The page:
February 22, 1999 will forever be etched into the memory of Thomas Johns as it marks the day he became the first child in Australia to be fitted with an insulin pump — and the day the then 10-year-old said goodbye to insulin needles once and for all.
Fast forward 21 years, and Thomas, now 32, is on to his eighth pump and forever grateful for how pump therapy has changed his life.
Thomas, who was diagnosed with type 1 diabetes just shy of his sixth birthday, said his parents wanted him to have good control over his condition, especially as his mother, a nurse, had nursed people with diabetes-related complications.
“Mum had come across an article about an adult who was on an insulin pump and decided that this was the answer to better diabetes control,” Thomas said.
“At our next appointment at Princess Margaret Hospital (PMH), she told Dr Tim Jones, who was my endocrinologist at the time, that she wanted me to be put on a pump. Dr Jones had recently returned from a study trip to the US and saw this as a great opportunity to get children on pumps in Australia.”
Getting Thomas on a pump was no mean feat. A MiniMed (now Medtronic) representative flew over to Perth from Sydney for a week to educate Thomas, his family, and staff.
“I was in hospital for a week to learn how to use the pump, how to do insertions and to be a guinea pig so the doctors and nurses learnt to use it,” he said.
Thomas, who gave a speech in Parliament House as a JDRF ambassador when he was 15, said he had good diabetes control prior to the pump but that it got even better on the pump.
“The flexibility it gave me was unbelievable,” he said.
“Good control has meant I could play rugby, basketball, swimming, and do army cadets, usually activities that send your blood glucose levels bananas.”
Thomas’ mum Belinda Johns said they pursued a pump for their son because they believed he would have better blood glucose control, a better lifestyle and be free of needles.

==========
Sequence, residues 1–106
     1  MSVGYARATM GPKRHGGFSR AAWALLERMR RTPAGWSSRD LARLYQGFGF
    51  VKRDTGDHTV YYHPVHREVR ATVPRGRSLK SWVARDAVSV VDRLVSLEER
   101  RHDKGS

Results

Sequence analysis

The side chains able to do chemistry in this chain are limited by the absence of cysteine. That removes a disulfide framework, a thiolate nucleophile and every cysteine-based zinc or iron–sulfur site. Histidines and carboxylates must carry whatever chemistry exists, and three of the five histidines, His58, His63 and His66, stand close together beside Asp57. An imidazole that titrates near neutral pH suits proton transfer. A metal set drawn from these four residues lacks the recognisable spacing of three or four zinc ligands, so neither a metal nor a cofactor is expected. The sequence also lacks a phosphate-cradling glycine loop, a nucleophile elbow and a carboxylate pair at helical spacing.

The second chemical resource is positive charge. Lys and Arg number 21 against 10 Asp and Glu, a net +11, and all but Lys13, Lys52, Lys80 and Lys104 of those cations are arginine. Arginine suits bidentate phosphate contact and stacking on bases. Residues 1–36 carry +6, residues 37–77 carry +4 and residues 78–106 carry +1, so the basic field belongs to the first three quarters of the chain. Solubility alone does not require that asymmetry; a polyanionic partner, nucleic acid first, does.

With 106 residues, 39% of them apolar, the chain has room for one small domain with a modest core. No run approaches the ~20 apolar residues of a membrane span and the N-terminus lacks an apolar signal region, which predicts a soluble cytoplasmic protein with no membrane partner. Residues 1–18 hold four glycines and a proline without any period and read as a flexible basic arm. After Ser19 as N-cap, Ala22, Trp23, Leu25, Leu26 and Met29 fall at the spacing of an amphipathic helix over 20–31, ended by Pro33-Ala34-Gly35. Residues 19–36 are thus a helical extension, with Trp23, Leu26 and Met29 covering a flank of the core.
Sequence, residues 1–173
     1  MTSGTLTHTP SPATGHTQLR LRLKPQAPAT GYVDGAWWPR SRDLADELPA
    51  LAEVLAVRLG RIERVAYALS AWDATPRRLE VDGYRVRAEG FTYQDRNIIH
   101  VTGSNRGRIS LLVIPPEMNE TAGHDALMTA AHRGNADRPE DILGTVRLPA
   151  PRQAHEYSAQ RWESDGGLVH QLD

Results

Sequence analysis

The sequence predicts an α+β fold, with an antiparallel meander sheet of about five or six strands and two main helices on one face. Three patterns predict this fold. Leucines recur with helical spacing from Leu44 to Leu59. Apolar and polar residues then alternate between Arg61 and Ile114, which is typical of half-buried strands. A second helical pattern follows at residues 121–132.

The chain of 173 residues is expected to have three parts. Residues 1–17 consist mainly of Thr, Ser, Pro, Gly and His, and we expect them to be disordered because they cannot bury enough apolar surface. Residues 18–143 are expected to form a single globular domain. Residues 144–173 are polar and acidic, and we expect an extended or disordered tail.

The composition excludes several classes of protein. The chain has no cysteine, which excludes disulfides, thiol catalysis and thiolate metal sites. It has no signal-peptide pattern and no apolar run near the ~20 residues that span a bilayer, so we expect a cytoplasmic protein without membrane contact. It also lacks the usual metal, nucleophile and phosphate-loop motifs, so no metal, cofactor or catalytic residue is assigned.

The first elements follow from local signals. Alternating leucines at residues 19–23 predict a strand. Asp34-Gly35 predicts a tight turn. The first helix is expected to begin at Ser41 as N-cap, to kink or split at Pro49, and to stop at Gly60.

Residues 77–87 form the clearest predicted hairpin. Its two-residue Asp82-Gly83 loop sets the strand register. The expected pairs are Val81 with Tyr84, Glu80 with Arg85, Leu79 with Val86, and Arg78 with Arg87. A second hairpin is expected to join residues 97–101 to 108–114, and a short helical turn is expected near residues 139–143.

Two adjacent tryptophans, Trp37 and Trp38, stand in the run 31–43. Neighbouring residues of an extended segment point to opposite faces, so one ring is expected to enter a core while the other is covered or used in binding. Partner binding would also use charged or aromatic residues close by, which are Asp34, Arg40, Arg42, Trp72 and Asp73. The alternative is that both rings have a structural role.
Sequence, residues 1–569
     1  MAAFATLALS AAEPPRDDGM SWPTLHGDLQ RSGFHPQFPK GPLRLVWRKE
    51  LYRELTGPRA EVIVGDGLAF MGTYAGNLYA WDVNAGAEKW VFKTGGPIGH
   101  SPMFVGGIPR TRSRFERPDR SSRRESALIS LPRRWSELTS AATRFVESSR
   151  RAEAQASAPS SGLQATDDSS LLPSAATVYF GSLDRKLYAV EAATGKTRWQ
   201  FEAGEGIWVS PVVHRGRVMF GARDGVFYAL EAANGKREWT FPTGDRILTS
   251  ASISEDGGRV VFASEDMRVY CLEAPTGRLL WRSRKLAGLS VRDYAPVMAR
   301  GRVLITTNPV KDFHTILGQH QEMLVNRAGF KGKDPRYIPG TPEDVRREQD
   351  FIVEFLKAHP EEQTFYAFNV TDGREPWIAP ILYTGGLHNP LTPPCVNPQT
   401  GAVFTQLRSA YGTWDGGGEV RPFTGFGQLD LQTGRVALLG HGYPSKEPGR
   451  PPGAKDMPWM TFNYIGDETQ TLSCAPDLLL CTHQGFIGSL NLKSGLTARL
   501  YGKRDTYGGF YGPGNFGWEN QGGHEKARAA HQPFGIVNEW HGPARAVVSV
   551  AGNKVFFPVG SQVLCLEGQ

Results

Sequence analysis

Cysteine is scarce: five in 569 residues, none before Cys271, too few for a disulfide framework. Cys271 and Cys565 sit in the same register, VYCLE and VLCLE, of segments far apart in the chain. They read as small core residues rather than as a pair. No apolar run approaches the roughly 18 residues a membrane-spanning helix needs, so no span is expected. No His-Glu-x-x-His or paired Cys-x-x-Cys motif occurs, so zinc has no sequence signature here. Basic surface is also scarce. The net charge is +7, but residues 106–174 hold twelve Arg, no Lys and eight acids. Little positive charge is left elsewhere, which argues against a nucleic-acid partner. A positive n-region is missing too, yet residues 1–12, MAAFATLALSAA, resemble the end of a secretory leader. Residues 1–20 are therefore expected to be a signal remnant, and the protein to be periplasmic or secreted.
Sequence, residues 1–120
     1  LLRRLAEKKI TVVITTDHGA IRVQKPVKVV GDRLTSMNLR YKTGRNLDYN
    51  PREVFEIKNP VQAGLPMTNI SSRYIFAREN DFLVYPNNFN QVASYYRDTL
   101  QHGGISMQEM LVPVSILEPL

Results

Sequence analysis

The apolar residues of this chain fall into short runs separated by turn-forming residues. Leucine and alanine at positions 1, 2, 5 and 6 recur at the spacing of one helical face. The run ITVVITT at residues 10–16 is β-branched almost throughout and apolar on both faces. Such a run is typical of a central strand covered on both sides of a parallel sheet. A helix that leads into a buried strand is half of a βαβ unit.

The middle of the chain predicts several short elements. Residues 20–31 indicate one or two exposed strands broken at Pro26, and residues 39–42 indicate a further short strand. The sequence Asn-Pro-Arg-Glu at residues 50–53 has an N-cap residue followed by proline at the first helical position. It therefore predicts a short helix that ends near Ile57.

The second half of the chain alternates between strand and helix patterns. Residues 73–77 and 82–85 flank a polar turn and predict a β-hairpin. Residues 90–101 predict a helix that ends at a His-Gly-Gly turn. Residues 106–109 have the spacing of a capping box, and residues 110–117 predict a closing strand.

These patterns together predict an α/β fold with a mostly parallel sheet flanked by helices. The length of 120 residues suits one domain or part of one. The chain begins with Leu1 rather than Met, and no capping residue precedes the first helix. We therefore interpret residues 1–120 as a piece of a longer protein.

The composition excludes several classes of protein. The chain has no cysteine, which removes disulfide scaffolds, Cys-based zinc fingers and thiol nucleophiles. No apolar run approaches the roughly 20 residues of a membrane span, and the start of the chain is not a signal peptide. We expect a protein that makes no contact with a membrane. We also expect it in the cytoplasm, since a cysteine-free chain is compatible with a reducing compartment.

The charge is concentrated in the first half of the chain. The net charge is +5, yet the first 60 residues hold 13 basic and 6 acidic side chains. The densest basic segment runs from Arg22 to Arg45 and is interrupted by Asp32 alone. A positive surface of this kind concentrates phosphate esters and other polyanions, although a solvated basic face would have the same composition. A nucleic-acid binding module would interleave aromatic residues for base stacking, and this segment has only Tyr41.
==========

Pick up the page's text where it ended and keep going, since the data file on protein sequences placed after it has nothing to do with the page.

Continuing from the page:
“He was having four injections per day and was basically eating to match his insulin injections instead of the other way around,” she said.
“While he was compliant and very courageous for his age, it was a nightmare for him. His life was totally controlled by his diabetes and it was difficult to maintain good blood glucose levels.”
Belinda said as there was no established paediatric pump protocol, establishing good diabetes control on the pump took some time.
“Disturbed nights and unstable blood glucose did not disappear straight away, and everyone was on a steep learning curve,” she said.
“The relief from constant needles was instant and we loved the fact that Thomas was now able to have more flexibility and variety with his diet.
“As a child, he was now less constrained by his diabetes and able to participate more easily in sport and social activities. We were excited and relieved to know that he was using cutting-edge technology and everything possible was being done to normalise his life and keep him healthy.
“We believe insulin pump therapy has given Thomas the healthy and amazing life he has today.”
While more than half of all children with type 1 diabetes are currently on pump therapy, the decision to put Thomas on a pump in the late 1990s was controversial, according to Children’s Diabetes Centre co-director Professor Jones.
Professor Jones said he and Professor Liz Davis, co-director of the Children’s Diabetes Centre and Head of Perth Children’s Hospital’s Endocrinology and Diabetes department, had a Telethon Kids Institute research program grant with a key aim of reducing hypoglycaemia at the time Thomas was fitted with a pump. Insulin pump therapy was effective at reducing hypo rates, he said.
“Pumps were not widely used in Australia and never in children because clinicians tend to be conservative about new technologies,” Professor Jones said.
“Thomas’ story illustrates that diabetes researchers and clinicians in Perth have always been innovative, world-leading and prepared to lead change for the benefit of children and families living with type 1 diabetes.”
Professor Jones said since being on pump therapy, Thomas had avoided more than 40,000 insulin injections.
Above left: Thomas with his last insulin needle before being fitted with the pump at Princess Margaret Hospital. Right: A recent photo of Thomas.
Top: Thomas and his new pump, pictured with his dad Stephen and mum Belinda.